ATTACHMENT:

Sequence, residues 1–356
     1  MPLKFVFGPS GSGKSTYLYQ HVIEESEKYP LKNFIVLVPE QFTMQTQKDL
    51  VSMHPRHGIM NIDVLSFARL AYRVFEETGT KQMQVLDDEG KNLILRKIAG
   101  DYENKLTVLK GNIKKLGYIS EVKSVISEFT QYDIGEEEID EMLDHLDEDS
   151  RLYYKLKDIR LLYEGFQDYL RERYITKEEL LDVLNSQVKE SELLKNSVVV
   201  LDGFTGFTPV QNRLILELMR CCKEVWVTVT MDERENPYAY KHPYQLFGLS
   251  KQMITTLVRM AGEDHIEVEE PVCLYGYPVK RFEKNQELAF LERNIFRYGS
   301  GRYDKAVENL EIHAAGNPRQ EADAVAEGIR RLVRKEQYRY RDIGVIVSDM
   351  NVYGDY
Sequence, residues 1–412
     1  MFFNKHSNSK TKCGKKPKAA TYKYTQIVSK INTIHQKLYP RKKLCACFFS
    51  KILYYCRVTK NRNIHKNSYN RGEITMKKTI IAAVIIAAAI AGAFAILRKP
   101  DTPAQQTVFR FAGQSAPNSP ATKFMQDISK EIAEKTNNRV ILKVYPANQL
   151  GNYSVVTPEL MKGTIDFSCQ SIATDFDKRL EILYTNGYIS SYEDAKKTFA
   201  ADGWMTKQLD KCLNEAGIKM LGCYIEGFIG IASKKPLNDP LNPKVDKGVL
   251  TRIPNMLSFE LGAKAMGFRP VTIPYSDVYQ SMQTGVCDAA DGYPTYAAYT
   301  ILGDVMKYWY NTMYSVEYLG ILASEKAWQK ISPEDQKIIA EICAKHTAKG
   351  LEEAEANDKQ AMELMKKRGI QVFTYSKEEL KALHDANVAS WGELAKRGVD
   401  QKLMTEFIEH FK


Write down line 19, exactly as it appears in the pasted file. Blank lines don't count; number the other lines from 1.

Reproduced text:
   401  QKLMTEFIEH FK